Contractors testify that ACA testing lacking
WASHINGTON — Private contractors in charge of the new federal health-insurance website told a House committee Thursday that they did not have enough time to thoroughly test the system before its problem-riddled rollout early this month.
Executives of two of the four companies represented at the hearing of the House Energy and Commerce Committee said they needed more time than they were given to conduct the testing before the Oct. 1 launch.
Cheryl Campbell, senior vice-president of CGI, and Andrew Slavitt, executive vice president of Optum, said they would have liked “months” to test HealthCare.gov, rather than the two weeks or less they had.
The contractors — CGI Federal, Optum/QSSI, Serco and Equifax Workforce Solutions — were called to explain the problems in view of previous testimony as recently as September that things were going smoothly and the project appeared on track.
In fact, the website for the new health insurances exchanges, HealthCare.gov, crashed almost immediately after it opened, when millions of uninsured people were supposed to be able to log on and sign up for coverage that starts next year.
In opening statements Thursday, Republicans on the committee denounced the problems with the website as symptomatic of more widespread difficulties with the Affordable Care Act, widely known as Obamacare. Democrats said the site’s glitches should not detract from the overall success of the new law and charged that Republicans were less interested in fixing the problems than in undermining the law.
In one testy exchange during questioning of the company executives, Rep. Frank Pallone, D-N.J., derided the hearing as a “monkey court,” chastising Republicans for raising privacy concerns that he said were specious.
“You are trying to scare people so they don’t apply” for health insurance on the exchanges, he said. He said Republicans want to undermine public trust in the law in an effort to delay or repeal it. His outburst came after two Republicans alleged that the federal marketplace does not adequately protect people’s medical privacy.
President Obama’s new health care law requires that almost all Americans carry health insurance or face a fine starting in 2014. But the administration said Wednesday night that it would give people an extra six weeks — until March 31 — to obtain coverage before they incur a penalty. Officials denied that the extended deadline is related to the many technical problems with HealthCare.gov, saying instead that it is intended to clear up a timing confusion about the 2010 health care law.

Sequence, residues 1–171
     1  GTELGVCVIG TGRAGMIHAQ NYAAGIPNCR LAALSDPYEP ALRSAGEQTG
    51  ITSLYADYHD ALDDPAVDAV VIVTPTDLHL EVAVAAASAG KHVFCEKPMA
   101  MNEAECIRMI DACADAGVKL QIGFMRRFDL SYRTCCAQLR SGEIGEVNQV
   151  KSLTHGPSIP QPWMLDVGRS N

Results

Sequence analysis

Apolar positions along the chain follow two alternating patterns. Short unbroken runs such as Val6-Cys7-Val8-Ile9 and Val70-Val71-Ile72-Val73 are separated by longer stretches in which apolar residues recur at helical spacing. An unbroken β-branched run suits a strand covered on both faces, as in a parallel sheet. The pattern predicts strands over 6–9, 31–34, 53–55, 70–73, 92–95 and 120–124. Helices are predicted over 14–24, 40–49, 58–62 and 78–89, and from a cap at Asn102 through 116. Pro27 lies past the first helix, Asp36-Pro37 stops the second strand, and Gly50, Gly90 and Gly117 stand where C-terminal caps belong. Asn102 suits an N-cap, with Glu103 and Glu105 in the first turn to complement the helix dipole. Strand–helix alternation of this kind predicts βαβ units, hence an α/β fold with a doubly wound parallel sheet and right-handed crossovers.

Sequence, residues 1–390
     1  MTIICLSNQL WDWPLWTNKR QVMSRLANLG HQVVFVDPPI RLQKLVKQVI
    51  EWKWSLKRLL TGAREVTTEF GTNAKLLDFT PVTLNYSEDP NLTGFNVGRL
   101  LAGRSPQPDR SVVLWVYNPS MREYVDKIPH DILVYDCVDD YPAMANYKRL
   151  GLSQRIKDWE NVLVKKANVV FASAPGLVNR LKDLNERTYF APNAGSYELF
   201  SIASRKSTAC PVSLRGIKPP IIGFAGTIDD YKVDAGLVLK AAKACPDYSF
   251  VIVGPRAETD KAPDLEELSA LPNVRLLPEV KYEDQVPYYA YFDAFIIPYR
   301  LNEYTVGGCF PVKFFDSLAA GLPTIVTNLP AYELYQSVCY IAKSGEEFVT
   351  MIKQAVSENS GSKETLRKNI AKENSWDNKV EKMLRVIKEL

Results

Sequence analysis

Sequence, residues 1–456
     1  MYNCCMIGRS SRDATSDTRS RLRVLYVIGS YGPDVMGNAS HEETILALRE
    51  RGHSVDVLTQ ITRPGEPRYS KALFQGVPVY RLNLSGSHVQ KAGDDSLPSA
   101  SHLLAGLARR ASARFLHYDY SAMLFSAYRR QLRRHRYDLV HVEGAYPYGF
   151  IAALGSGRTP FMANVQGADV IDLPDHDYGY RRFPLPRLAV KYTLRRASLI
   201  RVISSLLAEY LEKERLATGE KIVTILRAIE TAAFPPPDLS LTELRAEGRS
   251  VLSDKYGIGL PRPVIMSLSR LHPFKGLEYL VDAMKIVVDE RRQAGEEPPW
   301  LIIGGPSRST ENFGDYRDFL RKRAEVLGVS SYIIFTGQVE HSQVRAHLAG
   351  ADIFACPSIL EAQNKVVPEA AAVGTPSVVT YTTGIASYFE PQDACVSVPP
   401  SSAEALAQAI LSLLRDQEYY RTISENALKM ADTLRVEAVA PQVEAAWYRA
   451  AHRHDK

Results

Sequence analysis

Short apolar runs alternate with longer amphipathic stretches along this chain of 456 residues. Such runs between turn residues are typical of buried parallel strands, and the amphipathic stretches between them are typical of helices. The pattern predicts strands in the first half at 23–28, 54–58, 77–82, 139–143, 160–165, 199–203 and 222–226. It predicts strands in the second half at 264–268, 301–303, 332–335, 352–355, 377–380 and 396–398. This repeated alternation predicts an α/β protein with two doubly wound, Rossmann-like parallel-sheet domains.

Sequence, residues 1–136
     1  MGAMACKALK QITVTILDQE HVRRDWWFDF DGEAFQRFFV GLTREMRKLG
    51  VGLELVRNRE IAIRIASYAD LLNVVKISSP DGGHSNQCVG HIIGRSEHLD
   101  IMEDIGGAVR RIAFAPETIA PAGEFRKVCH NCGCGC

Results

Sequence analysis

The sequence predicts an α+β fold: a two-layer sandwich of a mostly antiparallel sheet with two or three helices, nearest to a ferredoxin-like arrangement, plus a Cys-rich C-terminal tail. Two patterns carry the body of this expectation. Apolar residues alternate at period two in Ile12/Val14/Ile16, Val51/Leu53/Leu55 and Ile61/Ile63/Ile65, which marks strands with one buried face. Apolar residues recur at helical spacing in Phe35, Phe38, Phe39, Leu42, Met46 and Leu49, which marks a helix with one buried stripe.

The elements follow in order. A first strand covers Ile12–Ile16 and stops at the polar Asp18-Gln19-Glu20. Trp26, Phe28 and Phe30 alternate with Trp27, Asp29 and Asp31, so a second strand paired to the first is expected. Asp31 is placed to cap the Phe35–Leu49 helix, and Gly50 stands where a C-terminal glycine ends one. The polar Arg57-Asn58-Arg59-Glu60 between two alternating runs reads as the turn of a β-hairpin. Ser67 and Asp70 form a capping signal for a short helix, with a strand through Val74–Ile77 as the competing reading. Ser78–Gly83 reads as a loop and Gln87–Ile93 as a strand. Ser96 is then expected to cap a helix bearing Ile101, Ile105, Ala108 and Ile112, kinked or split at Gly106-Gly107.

Since the troubled launch, officials have identified other problems with the site, and many users have been locked out or encountered other errors. Officials have mounted what they termed a “tech surge,” enlisting top technology talent, to address the issues.
In written testimony submitted before the hearing, CGI, the main contractor building the website, took partial blame for some of the site’s defects. But the company also pointed the finger at a federal agency, the Centers for Medicare and Medicaid Services (CMS), which it said had ultimate responsibility for ensuring the project’s success.
CGI also blamed another contractor, Quality Software Services, Inc. (QSSI), a subsidiary of Optum based in Columbia, Md., for building the component that caused the initial bottleneck. QSSI has denied sole culpability for that part’s failure.
In response to questions at the hearing, CGI Vice President Cheryl Campbell said that no end-to-end testing of HealthCare.gov occurred until the last two weeks of September.
“I don’t have the results,” she said of the testing. She referred lawmakers CMS for that information.
Andrew Slavitt, an executive vice president of Optum, said the testing did not occur “until the last few days.” He said that “ideally, integrated testing would have occurred well before that date.”
Pressed on how long in advance of the launch such testing should be done, Slavitt replied, “Months would be nice.”
Campbell concurred. Asked when her company would have recommended starting the testing for HealthCare.gov, she said, “We would have loved to have had months.”
Rep. Greg Walden, R-Ore., complained that the contractors raised unrealistic expectations about the website’s performance when they testified before the committee last month.
“You all came here and told us . . . it was good to go,” he said. “And it wasn’t.”
Rep. Diana DeGette, D-Calif., noted that Campbell had not raised any red flags during her previous testimony.